"You’ve got a little accent," the shopkeeper said. "Where does that come from? American?"
No. I shake my head, getting ready for the inevitable exchange that comes next. "I’m Australian."
"Australian! Oh my goodness! But what in the world are you doing here? "
I flash my biggest smile and give my standard reply with the practised laugh. "That, Madame, is the question I ask myself every day."
Watch: Things Aussie never say at Christmas. Post continues below.
And then I give her a snippet of the backstory. The French husband. The moving around the globe for work. Ending up here three years ago. Is it forever? We don’t know. Yes, the people are lovely. Yes, we are very happy.
And it’s all true. It is lovely here - picturesque in the way Australians would imagine a countryside Belgian village to be, especially at Christmas time, with decorative lights everywhere, frost in the woods when I go running as the red sun comes up at 9am. The smell of woodsmoke in the air.
But then she asks the next question. The one which I can handle most days, but right now, at this time - I cannot.
"Don’t you miss it? "
I haven’t seen my family for 18 months. And probably won’t for at least another six. We didn’t go ‘home’ to Australia for Christmas last year, or the year before - this was the year for the big trip across the globe. I should be on a Flying Kangaroo now, listening to I Still Call Australia Home as we circle to land into Sydney, tears pricking my eyes as they always do when I catch sight of the only place I really call ‘Home’.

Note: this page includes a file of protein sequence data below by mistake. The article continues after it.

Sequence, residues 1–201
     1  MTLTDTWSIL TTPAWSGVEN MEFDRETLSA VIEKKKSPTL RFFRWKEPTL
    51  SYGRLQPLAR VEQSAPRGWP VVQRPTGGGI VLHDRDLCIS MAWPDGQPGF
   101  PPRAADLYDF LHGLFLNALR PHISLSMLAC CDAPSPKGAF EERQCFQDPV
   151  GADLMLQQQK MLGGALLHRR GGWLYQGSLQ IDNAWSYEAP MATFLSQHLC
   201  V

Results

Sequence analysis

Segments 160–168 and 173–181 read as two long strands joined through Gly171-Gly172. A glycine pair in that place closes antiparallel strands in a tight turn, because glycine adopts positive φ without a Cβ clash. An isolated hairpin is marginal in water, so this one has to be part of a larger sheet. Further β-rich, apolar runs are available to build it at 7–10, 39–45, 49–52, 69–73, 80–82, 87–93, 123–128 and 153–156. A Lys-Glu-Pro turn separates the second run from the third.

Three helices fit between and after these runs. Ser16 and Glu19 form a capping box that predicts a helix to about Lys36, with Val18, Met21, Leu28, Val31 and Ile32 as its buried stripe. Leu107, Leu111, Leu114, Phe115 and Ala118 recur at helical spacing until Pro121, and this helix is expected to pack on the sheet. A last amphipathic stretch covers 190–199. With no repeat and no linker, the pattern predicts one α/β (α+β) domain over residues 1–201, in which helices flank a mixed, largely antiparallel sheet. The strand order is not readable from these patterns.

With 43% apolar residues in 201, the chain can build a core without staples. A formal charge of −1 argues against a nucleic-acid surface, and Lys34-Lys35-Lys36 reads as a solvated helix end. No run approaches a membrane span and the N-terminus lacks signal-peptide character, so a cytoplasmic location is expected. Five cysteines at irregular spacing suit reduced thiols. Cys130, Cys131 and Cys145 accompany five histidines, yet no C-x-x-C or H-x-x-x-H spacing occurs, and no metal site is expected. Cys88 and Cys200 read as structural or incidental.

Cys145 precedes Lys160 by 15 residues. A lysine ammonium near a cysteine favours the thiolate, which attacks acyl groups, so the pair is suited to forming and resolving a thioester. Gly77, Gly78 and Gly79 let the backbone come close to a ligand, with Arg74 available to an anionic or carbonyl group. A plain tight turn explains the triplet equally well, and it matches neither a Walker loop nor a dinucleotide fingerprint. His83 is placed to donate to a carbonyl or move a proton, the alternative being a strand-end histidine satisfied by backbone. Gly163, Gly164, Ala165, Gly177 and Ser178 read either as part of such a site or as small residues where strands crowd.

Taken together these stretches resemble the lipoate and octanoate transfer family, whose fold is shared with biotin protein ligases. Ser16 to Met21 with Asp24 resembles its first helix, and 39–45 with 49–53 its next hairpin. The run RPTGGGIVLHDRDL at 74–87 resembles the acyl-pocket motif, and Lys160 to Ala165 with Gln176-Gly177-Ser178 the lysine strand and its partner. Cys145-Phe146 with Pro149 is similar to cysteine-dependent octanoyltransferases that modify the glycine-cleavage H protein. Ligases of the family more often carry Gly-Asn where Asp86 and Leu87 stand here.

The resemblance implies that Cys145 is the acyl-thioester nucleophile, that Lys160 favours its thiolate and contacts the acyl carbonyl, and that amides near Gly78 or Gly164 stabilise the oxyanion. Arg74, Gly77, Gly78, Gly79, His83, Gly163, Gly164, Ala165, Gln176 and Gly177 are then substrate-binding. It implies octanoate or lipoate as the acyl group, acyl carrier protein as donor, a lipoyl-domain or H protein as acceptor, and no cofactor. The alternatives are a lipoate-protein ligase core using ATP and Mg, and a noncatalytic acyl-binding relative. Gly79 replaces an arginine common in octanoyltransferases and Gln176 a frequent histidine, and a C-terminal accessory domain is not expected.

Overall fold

How do I tell this stranger that I could never call what I feel something as banal as “missing it?” That being away from my home, even though I left it 20 years ago, is a daily suffering, a hole. It’s like an absent limb, still a part of me but not actually there. Who I once was. Who I could have been.
How close I would still be to my friends, to my cousins and their families. Who my children would have been if they had grown up going to Nippers on the weekend and helping shear sheep in school holidays, instead of spending their childhood first in the concrete jungle of Singapore, then in the dusty pollution of Jakarta, and now here, so far away from family. I try to never think of it.